In the aftermath of last month’s election, Guatemala finds itself at a decisive crossroads. As the political landscape teeters on the brink of change, Nestor Quixtan delves into the whirlwind of Guatemala politics, looking at the complexities surrounding the contest, exploring the rise of unexpected contenders, allegations of fraud, and the looming question of whether the country’s decaying political system will fade away or make a final push into dictatorship.
It’s three weeks since the first round of the current Guatemala election. I had anticipated writing about it straight after, on June 26th. But settling on a starting point has been almost impossible amidst the whirlwind of craziness surrounding the entire situation. That said, I have to begin somewhere, despite the complexity of the media soap opera that is unfolding.
I don’t generally write these articles in the first person. This time, though, I want to offer my honest perspective on things. Frankly, the media soap opera playing out before everyone is more complicated than meets the eye.
In my opinion, Guatemala is witnessing the last-ditch struggles of a decaying political system
The system governing the nation has reached a decisive crossroads. It must either fade away or make a final push into a full-fledged dictatorship. I see no middle ground.
Unlike other nations (naming no names), there’s no single dictatorial figure in Guatemala. While Guatemala has already had its fair share of dictators, the current situation lacks a single figure to take the ball and run with it. This is why the merry-go-round of useful pawns no longer serves the purposes of the current political elite.
This situation was evident in the fact that the “null” vote finished in first place. Amid massive fraud allegations and a review of ballot counts (not a recount), the null vote led the way with 17.39% of the vote in the presidential race. This outcome sends a clear message to the Guatemalan political establishment: no one believes in it anymore.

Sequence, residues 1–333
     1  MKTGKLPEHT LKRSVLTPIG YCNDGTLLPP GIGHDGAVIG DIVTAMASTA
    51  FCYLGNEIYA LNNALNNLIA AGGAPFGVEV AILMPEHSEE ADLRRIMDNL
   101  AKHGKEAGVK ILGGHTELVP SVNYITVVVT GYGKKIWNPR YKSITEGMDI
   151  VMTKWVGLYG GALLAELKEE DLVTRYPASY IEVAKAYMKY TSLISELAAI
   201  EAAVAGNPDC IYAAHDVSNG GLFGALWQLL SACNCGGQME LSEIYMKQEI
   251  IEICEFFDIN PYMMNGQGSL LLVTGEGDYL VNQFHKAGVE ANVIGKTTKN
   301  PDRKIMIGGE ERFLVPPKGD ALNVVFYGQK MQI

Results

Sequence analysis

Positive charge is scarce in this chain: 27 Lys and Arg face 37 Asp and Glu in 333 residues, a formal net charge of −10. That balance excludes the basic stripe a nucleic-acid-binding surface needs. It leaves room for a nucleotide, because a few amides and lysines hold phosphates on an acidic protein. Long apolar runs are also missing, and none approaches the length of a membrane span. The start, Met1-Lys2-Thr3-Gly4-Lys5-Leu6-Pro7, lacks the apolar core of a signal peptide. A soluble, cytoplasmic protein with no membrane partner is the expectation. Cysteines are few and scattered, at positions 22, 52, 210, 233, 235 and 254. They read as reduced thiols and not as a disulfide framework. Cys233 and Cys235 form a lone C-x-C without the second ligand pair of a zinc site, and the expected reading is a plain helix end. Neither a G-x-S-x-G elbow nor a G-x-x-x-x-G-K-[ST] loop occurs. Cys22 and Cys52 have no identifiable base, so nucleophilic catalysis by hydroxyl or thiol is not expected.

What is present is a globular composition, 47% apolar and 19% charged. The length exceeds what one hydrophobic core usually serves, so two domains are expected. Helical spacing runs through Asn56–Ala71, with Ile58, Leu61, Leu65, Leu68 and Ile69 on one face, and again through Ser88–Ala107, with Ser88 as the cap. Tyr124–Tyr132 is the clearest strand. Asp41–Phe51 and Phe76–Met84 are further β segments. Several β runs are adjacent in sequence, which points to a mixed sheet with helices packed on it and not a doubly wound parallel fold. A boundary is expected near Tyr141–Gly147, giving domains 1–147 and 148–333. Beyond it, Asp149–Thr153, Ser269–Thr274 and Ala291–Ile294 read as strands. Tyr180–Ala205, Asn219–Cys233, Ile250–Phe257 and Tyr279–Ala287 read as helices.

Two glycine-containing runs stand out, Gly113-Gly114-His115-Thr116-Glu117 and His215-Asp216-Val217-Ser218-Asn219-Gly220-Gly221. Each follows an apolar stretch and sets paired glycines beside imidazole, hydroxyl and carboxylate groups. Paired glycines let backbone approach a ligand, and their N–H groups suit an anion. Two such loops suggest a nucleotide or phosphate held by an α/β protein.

The leading vote-getter was the UNE party led by former first lady Sandra Torres (her third kick at the can). To nobody’s surprise, she secured the most votes with a meager 15.86% of the popular vote.
It will be interesting to see if the same people who (correctly) condemned dictatorships in Venezuela, Cuba and Nicaragua in recent years will now speak up about the real risks facing Guatemala. The fact it’s run by the right rather than the left should be irrelevant right now…
— Brian Winter (@BrazilBrian) July 13, 2023
The big surprise was who finished second
With its grassroots campaigning tactics, the relatively unknown Movimiento Semilla emerged behind the UNE with 11.78%. Was this result legitimate? Not according to the political establishment. Fraud allegations began almost immediately, making it easy to assume some sort of shenanigans had occurred. Nevertheless, why would anyone rig an election to have an unknown political party make it to the runoff? After all, there were much bigger players with much more at stake who would do anything to ensure their success.
At first I thought Bernardo Arévalo, son of former president Juan José Arévalo, seemed like a breath of fresh air. I remember sitting at breakfast on June 26th, listening to the local newscast recite whatever information they had on Arévalo. On the surface, his credentials appeared impressive enough, and he carried the weight of a famous last name.